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Is it legal to gut legal sized fish while you are still out fishing in either Al, Fl or international waters? I am planning on gutting them this summer and using the guts for chum. Will they write me up for some off-the-wall law?

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In answer to your question. It is perfectly legal to gut your fish while out to sea. In fact it is recommended that you do just that because it retards spoiling of the fish. The digestive fluids leak into the meat as soon as the fish dies.
 

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Yes, you can gut them. Here is what the FWC says:

<TABLE border=0 cellSpacing=0 width="100%"><TBODY><TR><TD class=title></TD><TD class=title width="100%">Cleaning and cutting up fish.</TD></TR><TR><TD>/rnt/rnw/img/trnsp.gif</TD></TR><TR><TD class=subtitle></TD><TD class=subtitle>Question</TD></TR><TR><TD class=textcell></TD><TD id=desc class=textcell>What are the regulations regarding cleaning or cutting up regulated fish on the boat, fishing pier or bridge, catwalk or jetty or beach? Can you gut and scale them? Can you use them for bait?</TD></TR><TR><TD>/rnt/rnw/img/trnsp.gif</TD></TR><TR><TD class=subtitle></TD><TD class=subtitle>Answer</TD></TR><TR><TD class=textcell></TD><TD id=soln class=textcell>

In Florida it is illegal to fillet or remove the head or tail fin of black bass, striped bass, white bass, Sunshine bass (striped bass x white bass hybrid), peacock bass, black crappie and panfish (where special black crappie or panfish size or bag limits are in effect) until after you have completed fishing for the day. View the Freshwater fishing rules at: http://myfwc.com/RULESANDREGS/Freshwater_FishRules_index.htm.

The regulated saltwater fish listed below must remain in a "whole condition" until the fish are landed ashore. In general, this means you must bring fish in with heads and tails intact. You can gut fish, scale them, and remove gills -- but you can not fillet them, cut off heads or tails until your fishing trip has ended (vessel has returned to the dock). When you are fishing from the beach, you can wait until you finish fishing, and are at least 100 yards from the shore before filleting and storing these fish. For some fish, the rules also apply until you have exited a fishing pier or bridge, catwalk or jetty.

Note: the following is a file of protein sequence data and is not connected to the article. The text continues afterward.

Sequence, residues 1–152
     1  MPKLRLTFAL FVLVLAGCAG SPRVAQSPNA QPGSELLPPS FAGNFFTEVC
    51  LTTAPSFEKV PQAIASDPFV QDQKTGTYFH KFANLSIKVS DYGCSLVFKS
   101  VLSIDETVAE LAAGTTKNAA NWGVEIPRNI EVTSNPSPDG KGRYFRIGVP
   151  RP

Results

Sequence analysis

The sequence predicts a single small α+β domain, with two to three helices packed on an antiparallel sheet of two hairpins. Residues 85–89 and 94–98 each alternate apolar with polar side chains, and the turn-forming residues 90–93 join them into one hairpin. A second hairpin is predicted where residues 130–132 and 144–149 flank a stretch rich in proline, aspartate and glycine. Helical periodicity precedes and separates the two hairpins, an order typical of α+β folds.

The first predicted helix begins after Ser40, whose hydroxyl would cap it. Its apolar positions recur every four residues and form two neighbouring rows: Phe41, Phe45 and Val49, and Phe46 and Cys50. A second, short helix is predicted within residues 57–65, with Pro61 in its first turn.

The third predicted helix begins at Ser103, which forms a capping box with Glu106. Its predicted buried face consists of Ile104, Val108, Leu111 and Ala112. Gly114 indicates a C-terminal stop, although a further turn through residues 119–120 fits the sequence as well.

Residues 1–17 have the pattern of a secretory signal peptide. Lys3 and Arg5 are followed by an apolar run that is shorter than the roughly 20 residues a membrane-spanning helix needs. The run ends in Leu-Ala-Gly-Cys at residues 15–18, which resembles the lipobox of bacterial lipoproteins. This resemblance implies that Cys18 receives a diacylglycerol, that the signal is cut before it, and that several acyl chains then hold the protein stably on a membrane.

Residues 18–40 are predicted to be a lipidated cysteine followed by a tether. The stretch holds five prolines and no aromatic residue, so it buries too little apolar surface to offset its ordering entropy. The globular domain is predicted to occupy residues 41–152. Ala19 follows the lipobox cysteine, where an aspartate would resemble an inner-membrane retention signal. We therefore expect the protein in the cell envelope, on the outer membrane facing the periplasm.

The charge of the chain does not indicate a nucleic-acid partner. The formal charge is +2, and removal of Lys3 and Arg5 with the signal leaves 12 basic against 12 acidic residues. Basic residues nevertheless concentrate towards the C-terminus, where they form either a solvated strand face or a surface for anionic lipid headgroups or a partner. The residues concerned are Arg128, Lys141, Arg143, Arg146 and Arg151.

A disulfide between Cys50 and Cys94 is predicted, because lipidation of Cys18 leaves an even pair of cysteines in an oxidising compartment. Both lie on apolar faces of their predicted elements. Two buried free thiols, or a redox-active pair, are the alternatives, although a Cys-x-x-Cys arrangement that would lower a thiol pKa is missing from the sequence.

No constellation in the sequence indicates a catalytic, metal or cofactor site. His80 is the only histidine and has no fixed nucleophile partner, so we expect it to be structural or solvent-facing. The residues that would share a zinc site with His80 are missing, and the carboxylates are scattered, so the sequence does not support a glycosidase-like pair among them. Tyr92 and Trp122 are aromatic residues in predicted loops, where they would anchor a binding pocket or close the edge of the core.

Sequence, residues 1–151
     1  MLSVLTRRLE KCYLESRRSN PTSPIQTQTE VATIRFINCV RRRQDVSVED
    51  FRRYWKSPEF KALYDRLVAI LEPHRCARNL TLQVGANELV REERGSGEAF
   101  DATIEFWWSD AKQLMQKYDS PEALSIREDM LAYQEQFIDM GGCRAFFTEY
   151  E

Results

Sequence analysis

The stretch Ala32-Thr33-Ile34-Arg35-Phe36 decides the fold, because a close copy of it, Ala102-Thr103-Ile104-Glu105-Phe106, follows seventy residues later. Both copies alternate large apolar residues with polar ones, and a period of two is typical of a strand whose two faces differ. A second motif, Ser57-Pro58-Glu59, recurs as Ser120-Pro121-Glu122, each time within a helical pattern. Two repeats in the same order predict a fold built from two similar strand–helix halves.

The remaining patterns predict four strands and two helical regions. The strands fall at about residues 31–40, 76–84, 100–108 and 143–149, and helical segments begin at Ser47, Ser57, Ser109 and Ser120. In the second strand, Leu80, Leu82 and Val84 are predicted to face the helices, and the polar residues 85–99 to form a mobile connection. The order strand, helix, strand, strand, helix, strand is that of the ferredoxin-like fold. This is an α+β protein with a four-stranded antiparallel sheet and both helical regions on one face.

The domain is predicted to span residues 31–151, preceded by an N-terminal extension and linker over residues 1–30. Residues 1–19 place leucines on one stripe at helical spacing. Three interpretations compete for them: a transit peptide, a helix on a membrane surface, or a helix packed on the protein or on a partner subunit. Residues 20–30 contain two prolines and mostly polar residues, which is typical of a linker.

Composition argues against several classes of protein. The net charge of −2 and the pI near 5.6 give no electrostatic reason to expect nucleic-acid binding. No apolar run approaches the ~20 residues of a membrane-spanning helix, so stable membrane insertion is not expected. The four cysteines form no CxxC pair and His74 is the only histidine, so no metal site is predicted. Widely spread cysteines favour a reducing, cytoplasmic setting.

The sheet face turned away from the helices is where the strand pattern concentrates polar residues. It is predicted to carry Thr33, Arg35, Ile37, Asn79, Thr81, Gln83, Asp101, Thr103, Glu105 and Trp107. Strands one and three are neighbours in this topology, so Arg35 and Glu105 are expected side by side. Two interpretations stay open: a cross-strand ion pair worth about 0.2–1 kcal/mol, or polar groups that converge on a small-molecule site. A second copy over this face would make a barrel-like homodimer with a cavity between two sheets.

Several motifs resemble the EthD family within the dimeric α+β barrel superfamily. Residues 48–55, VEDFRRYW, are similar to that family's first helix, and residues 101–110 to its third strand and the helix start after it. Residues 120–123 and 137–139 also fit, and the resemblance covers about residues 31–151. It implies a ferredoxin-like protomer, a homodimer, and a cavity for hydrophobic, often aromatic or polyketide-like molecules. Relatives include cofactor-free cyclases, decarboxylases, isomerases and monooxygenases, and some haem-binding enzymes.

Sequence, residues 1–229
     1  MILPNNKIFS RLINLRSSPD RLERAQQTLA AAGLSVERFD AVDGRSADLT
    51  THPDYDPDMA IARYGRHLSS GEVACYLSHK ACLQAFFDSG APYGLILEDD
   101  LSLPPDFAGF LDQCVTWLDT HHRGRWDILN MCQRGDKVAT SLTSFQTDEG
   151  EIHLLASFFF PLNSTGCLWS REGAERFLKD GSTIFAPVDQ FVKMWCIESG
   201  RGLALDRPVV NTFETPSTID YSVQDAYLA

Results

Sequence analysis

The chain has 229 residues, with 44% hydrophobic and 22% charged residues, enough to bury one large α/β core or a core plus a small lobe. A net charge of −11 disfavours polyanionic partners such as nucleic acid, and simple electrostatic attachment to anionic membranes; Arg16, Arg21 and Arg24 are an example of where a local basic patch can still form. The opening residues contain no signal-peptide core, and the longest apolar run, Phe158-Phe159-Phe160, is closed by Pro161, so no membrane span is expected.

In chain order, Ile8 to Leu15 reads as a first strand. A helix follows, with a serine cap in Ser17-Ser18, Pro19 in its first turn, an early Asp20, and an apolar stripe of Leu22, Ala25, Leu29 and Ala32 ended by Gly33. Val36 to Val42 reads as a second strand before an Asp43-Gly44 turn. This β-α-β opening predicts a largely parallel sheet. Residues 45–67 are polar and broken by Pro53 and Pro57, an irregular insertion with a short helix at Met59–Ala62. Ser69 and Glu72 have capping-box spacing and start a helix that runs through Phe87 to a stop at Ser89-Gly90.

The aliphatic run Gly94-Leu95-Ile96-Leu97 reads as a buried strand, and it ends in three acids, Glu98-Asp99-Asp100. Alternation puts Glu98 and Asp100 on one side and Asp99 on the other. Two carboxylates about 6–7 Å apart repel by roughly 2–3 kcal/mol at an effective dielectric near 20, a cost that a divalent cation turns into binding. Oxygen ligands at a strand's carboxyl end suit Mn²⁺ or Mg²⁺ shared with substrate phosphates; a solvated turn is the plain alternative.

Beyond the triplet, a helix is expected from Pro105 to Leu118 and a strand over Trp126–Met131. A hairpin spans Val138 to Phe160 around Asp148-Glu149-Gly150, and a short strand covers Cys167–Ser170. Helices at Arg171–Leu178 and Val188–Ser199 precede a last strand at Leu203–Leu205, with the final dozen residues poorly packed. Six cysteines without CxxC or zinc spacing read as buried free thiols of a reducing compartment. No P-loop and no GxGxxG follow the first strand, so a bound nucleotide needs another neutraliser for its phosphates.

These fish may be used as bait, but only while in a "whole condition". Remember that anyfish that is harvested andused for bait counts toward the daily bag limit.

These rules make it possible for officers to enforce size limits and fishing regulations.

The saltwater fish that must remain whole through landing are:

Billfish (blue marlin, white marlin, sailfish) 50CFR635.30(B) (federal regulations apply to the shoreline)
Black drum 68B-36.005(2)
Bluefish 68B-43.003(2)
Crawfish 68B-24.003(4)
Dolphin 68B-41.003(3) - commercial harvest only
Mullet 68B-39.003(2) - commercial harvest only (no recreational size limit)
Sharks 68B-44.004(4)
Snook 68B-21.005(2)
Swordfish 68B-33.004(5)
Wahoo 68B-41.003(3)
Weakfish 68B-47.002(3)

The following saltwater fish must also remain whole through landing and on a fishing pier or bridge, catwalk or jetty:

Cobia 68B-19.002(2)
Flounder 68B-48.003(1)(b)
Mackerel, King 68B-30.0025(2)
Mackerel, Spanish 68B-23.0035(2)
Permit 68B-35.003(1)(c)
Pompano, African 68B-35.003(1)(c)
Pompano, Florida 68B-35.003(1)(c)
Redfish 68B-22.006(4)
Reef Fish 68B-14.006(4) - includes snappers, groupers, sea bass, amberjacks, almaco jacks, banded rudderfish, gray triggerfish, hogfish, red porgy, and *golden tilefish
Seatrout, spotted 68B-37.003(3)
Sheepshead 68B-48.003(1)(b)
Tripletail 68B-49.002(1)(b)

*effective July 1, 2007

Tropical-ornamental species are required to be landed alive (Chapter 68B-42.0035- Marine Life, Florida Administrative Code).